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Another one of the pillars of The Return that is touched on throughout the season is that of death. This part of the show isn’t just a focus thematically, but one that breached reality for many of the show’s actors. Several key players either died after they had shot their scenes for The Return or had passed away before production had gotten started. From Miguel Ferrer’s character Albert, the ornery yet stalwart FBI agent that worked closely with David Lynch’s Gordon Cole (the in-show director of the FBI) to Catherine E. Coulson’s iconic portrayal of the prophetic Log Lady, many did not live to see the show’s release. Some characters barely even made an appearance due to their health. Doc Hayward, for example, only appeared once to talk via Skype to Sheriff Truman (Robert Forster, not former Sheriff Truman Michael Ontkean) and was never seen again. He was portrayed by Warren Frost, father of Mark Frost who co-created the show with David Lynch. After much thought on the theme of death in the show, I feel that Lynch might see death as more of transitional experience than one of black-and-white finality. We can see this in Kyle MacLachlan’s character arc for Dale Cooper. The character goes through a hell of a lot in The Return and he changes by the end of it, never going against his steadfast nature of goodwill upon the world, but by traveling through either dimensions or parallel earths, he continues onward with motives in his actions and nature, but there is still change. Change is the only constant in the universe after all.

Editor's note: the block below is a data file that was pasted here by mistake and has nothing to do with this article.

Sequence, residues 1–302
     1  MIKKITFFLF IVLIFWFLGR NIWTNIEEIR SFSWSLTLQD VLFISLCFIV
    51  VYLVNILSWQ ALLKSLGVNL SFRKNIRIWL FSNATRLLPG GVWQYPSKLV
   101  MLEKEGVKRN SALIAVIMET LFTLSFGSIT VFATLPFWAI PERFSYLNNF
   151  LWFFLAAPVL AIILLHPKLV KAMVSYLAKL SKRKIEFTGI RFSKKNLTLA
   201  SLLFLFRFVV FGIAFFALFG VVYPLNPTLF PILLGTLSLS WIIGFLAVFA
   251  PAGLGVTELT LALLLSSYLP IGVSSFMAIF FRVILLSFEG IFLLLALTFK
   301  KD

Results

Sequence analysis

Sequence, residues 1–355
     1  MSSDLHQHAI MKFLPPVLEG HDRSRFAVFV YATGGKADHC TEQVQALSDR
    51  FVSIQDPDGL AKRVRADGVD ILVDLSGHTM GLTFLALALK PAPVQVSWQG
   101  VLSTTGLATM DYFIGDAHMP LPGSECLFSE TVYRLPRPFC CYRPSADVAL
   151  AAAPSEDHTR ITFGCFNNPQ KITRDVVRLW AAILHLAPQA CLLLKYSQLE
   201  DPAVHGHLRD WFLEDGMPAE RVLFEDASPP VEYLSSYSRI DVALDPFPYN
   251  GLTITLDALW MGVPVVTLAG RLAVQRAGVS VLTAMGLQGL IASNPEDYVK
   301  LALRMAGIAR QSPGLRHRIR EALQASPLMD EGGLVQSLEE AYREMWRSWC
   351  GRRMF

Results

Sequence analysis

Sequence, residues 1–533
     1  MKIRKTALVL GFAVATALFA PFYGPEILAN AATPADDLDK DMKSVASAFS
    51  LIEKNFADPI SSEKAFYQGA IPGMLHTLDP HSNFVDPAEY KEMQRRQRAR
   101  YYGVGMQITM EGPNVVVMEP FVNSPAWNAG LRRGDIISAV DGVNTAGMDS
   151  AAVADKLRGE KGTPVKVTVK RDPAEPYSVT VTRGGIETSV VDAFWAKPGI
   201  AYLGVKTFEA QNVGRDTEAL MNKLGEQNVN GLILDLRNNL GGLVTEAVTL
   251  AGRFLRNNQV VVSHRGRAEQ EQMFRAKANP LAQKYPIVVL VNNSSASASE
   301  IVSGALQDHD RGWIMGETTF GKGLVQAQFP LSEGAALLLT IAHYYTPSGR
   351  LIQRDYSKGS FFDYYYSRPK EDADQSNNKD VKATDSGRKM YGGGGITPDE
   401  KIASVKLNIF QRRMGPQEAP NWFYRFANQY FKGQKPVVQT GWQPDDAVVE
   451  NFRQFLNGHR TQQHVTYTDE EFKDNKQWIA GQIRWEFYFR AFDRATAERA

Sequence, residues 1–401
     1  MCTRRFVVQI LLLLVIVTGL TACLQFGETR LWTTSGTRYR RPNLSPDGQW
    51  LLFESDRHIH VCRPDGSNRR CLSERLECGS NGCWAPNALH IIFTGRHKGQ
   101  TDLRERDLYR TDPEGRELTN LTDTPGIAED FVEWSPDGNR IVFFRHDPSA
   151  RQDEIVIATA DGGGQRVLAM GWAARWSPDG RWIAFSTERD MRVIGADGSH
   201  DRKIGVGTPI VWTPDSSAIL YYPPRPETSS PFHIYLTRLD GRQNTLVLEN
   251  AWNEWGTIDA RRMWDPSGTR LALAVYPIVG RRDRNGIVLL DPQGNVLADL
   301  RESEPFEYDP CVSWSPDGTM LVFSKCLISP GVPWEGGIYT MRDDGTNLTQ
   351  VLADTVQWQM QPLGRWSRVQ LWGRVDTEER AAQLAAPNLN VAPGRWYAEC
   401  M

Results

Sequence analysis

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Another tenant of the series here is the simple act of storytelling. The art of storytelling is alive and well in The Return as many characters tell stories to each other. Some of it is your usual exposition to fill the audience in (Especially useful for Twin Peaks to cover bits and pieces of the monumental quarter-century gap between it’s seasons). Some of it has nothing to do with the characters we know about, but instead about tertiary events and storylines taking place in the world of Twin Peaks. It’s occasionally used to introduce entirely new characters at a moment’s notice and explain their motivations and how they fit into the puzzle, while other times it is only for information gathering. The Monica Bellucci dream sequence in part fourteen is an excellent example of this as it weighs heavily with dreams, imagination, and exposition. In the opening of the episode Gordon Cole tells Albert and Tammy (Chrysta Bell as the new FBI recruit) of a dream he had involving Monica Bellucci. We begin in a black and white scene in which Gordon hazily recalls being at a street-side cafe in Paris. He starts by noting that “Cooper was there, but I couldn’t see his face..” She brought friends and they all sit and share a coffee. As he’s sitting across from Monica she asks him “We are like the dreamer who dreams and lives inside the dream, but who is the dreamer?” She then looks over his shoulder and Gordon curiously, and with unease, turns back to see a scene ripped directly from “Fire Walk with Me” (The Twin Peaks Movie fitting in between seasons two and three-but also being a prequel to the series), only now in the dream’s black and white coloring, in which a younger version of himself is sitting in the FBI offices as he listens to Agent Cooper tell him about a dream he had, just before Philip Jeffries (David Bowie, whose character plays a big part in The Return and had to be reworked after his death as well) barges in and points a finger at Cooper. He asks Gordon, “Who do you think that is there?” which startles Gordon into remembering that very moment. Given the context of the show up until that point, this scene now carries more weight, and guides Gordon’s thought process towards the truth.